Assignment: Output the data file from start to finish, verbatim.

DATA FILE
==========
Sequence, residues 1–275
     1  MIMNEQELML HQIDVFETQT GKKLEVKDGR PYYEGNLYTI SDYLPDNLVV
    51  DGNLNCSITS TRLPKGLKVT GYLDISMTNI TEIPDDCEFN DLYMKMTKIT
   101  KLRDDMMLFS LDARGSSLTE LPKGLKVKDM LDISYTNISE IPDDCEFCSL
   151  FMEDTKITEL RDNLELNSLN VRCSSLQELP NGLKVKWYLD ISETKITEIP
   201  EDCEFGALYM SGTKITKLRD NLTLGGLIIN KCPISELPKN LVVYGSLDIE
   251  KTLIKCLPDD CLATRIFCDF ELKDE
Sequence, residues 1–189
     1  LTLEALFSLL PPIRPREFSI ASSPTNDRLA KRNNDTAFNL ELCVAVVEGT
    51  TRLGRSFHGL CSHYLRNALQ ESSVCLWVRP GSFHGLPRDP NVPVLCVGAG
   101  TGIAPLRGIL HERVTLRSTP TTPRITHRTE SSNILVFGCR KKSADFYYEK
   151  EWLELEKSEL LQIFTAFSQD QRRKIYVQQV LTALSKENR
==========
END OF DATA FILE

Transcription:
Sequence, residues 1–275
     1  MIMNEQELML HQIDVFETQT GKKLEVKDGR PYYEGNLYTI SDYLPDNLVV
    51  DGNLNCSITS TRLPKGLKVT GYLDISMTNI TEIPDDCEFN DLYMKMTKIT
   101  KLRDDMMLFS LDARGSSLTE LPKGLKVKDM LDISYTNISE IPDDCEFCSL
   151  FMEDTKITEL RDNLELNSLN VRCSSLQELP NGLKVKWYLD ISETKITEIP
   201  EDCEFGALYM SGTKITKLRD NLTLGGLIIN KCPISELPKN LVVYGSLDIE
   251  KTLIKCLPDD CLATRIFCDF ELKDE
Sequence, residues 1–189
     1  LTLEALFSLL PPIRPREFSI ASSPTNDRLA KRNNDTAFNL ELCVAVVEGT
    51  TRLGRSFHGL CSHYLRNALQ ESSVCLWVRP GSFHGLPRDP NVPVLCVGAG
   101  TGIAPLRGIL HERVTLRSTP TTPRITHRTE SSNILVFGCR KKSADFYYEK
   151  EWLELEKSEL LQIFTAFSQD QRRKIYVQQV LTALSKENR